Related Terms: Annual Report
A balance sheet is a financial report that provides a snapshot of a business's position at a given point in time, including its assets (economic resources), its liabilities (debts or obligations), and its total or net worth (assets less liabilities). "A balance sheet does not aim to depict ongoing company activities," wrote Joseph Peter Simini in Balance Sheet Basics for Nonfinancial Managers. "It is not a movie but a freeze-frame. Its purpose is to depict the dollar value of various components of a business at a moment in time." Balance sheets are also sometimes referred to as statements of financial position or statements of financial condition.
Balance sheets are typically presented in two different forms. In the report form, asset accounts are listed first, with the liability and owners' equity accounts listed in sequential order directly below the assets. In the account form, the balance sheet is organized in a horizontal manner, with the asset accounts listed on the left side and the liabilities and owners' equity accounts listed on the right side. The term "balance sheet" originates from this latter form: when the left and right sides have been completed, they should sum to the same dollar amounts—in other words, they should balance.
Most of the contents of a business's balance sheet are classified under one of three categories: assets, liabilities, and owner equity. Some balance sheets also include a "notes" section that holds relevant information that does not fit under any of the above accounting categories. Information that might be included in the notes section would include mentions of pending lawsuits that might impact future liabilities or changes in the business's accounting practices.
Assets are items owned by the business, whether fully paid for or not. These items can range from cash—the most liquid of all assets—to inventories, equipment, patents, and deposits held by other businesses. Assets are further categorized into the following classifications: current assets, fixed assets, and miscellaneous or other assets. How assets are divided into these categories, and how they match corresponding liability categories, are important indicators of a company's health.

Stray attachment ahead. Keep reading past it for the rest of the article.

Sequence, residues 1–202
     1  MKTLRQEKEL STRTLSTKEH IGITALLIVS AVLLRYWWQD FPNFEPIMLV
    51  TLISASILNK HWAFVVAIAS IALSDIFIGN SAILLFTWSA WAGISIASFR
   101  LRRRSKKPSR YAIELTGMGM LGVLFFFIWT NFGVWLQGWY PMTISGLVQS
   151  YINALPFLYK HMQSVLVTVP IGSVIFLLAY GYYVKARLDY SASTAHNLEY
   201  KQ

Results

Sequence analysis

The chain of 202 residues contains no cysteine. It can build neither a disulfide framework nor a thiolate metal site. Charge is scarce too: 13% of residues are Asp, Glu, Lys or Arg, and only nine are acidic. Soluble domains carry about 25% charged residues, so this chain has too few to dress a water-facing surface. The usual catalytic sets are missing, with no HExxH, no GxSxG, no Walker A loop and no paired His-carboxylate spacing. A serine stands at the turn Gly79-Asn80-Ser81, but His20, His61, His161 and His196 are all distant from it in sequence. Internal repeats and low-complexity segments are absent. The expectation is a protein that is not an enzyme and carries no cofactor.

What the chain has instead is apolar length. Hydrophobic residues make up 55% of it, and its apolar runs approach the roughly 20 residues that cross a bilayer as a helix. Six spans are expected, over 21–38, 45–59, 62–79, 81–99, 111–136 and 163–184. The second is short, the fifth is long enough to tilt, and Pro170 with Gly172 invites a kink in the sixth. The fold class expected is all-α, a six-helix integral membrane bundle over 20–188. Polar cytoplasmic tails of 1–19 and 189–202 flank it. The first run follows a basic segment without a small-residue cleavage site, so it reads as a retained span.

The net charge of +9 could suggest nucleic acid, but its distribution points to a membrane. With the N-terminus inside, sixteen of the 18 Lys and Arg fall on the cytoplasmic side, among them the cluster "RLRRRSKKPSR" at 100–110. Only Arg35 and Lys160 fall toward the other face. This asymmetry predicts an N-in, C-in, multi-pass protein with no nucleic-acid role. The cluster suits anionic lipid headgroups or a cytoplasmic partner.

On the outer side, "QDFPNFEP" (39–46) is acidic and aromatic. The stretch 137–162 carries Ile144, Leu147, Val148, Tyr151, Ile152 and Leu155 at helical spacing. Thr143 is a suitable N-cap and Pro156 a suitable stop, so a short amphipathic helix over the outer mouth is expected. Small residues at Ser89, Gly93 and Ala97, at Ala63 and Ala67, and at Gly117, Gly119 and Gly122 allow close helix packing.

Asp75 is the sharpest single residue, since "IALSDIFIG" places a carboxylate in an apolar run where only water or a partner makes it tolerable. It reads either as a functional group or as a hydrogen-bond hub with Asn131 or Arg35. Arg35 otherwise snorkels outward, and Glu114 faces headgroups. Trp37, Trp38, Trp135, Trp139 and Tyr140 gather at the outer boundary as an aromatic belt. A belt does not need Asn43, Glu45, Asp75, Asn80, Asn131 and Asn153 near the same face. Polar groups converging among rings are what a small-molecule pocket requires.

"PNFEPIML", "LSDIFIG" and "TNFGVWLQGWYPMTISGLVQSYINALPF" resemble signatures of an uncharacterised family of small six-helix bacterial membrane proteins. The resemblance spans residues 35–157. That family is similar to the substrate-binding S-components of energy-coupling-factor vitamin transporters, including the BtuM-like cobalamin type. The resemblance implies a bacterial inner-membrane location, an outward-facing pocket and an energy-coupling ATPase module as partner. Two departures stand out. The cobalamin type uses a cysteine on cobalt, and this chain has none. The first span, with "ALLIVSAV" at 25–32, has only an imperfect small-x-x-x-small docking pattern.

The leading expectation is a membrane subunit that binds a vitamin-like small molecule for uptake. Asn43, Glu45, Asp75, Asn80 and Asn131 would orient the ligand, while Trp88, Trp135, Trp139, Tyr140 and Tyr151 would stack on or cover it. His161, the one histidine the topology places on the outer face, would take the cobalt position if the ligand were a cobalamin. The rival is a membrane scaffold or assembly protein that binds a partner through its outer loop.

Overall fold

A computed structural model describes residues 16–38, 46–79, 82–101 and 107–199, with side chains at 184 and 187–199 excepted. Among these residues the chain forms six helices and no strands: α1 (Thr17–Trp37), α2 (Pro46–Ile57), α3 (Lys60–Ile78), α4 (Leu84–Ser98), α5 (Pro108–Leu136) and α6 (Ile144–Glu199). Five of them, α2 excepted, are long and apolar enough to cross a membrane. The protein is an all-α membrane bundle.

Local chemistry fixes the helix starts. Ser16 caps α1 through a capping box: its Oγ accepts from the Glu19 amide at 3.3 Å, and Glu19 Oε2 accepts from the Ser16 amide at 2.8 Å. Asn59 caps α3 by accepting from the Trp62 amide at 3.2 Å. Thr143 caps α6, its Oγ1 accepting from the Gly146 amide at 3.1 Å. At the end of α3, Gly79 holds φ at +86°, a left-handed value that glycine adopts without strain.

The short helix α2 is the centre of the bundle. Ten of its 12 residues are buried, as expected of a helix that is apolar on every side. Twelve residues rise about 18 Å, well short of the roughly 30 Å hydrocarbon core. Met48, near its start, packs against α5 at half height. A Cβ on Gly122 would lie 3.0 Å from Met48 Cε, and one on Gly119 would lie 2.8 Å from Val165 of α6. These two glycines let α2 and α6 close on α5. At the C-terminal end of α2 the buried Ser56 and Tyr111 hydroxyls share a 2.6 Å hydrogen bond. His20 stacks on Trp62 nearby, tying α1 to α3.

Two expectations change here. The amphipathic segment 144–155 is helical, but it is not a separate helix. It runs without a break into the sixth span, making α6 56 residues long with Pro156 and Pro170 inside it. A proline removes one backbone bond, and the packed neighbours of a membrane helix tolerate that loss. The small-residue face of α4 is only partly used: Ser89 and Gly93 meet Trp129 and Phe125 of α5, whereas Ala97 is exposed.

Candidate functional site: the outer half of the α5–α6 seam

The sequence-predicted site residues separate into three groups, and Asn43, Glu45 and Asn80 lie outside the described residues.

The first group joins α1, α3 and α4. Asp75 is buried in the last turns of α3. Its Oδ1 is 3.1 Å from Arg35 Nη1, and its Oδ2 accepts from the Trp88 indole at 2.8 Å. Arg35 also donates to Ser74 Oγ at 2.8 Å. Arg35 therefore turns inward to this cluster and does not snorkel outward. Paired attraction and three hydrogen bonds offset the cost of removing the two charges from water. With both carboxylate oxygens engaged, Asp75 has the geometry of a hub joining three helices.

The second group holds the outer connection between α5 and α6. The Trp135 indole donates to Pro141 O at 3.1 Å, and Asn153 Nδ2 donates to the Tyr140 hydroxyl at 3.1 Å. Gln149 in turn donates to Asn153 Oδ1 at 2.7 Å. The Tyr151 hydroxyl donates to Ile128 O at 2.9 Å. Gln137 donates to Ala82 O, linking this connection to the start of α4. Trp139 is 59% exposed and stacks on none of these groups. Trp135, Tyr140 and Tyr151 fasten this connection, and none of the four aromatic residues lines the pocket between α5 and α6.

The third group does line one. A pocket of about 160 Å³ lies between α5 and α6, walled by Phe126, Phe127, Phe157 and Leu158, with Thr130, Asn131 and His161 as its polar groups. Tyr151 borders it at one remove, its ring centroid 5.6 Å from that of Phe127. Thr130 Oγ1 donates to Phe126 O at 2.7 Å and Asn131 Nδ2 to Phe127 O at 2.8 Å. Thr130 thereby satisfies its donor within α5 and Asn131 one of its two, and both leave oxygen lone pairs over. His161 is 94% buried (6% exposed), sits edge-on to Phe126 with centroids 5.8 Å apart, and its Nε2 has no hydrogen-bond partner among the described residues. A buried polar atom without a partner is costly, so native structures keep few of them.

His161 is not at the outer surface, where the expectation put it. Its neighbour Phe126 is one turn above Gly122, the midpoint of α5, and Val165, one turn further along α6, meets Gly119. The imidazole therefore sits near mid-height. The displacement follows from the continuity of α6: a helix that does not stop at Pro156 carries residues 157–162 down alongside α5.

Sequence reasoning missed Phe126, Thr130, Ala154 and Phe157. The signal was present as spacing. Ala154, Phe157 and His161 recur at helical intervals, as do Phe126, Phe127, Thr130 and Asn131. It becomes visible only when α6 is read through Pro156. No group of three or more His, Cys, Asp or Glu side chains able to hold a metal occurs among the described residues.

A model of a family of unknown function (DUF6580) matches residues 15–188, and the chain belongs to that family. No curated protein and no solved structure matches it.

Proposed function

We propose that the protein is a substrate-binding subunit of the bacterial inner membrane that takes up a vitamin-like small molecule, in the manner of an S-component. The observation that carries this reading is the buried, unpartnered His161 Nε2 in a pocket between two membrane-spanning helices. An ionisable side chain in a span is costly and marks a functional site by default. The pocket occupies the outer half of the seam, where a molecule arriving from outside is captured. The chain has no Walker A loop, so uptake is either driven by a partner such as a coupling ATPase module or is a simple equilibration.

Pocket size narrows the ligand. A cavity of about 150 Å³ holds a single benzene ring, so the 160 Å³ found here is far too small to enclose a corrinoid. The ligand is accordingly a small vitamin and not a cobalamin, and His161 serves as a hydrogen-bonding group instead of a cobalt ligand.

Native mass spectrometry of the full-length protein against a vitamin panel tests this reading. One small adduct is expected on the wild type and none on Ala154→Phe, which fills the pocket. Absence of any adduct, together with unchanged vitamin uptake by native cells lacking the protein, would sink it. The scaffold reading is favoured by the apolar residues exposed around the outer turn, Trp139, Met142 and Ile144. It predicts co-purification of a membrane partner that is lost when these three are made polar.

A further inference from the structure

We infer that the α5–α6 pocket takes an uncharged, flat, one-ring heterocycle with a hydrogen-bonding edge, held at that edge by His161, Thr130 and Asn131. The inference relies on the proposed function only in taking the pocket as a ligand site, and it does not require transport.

Current assets include cash, government securities, marketable securities, notes receivable, accounts receivable, inventories, prepaid expenses, and any other item that could be converted to cash in the normal course of business within one year.
Current assets should reasonably balance current liabilities. Current assets divided by current liabilities produce one of the "health indicators" of a company, the "Current Ratio." If that ratio is unfavorable, the company may lack liquidity—meaning the necessary resources to meet its cash obligations. Since inventories are sometimes difficult to turn into cash, the "Acid Test" is another ratio used. It includes Current Assets less Inventory divided by Current Liabilities. The company's "Working Capital" is determined by deducting Current Liabilities from Current Assets. Rather than being a ratio, it is a dollar-denominated indicator of a company's health.
Fixed assets include real estate, physical plant, leasehold improvements, equipment (from office equipment to heavy operating machinery), vehicles, fixtures, and other assets that can reasonably be assumed to have a life expectancy of several years. In practice most fixed assets—excluding land—will lose value over time in a process called depreciation. Fixed assets are reported net of depreciation in an attempt to claim only their current value.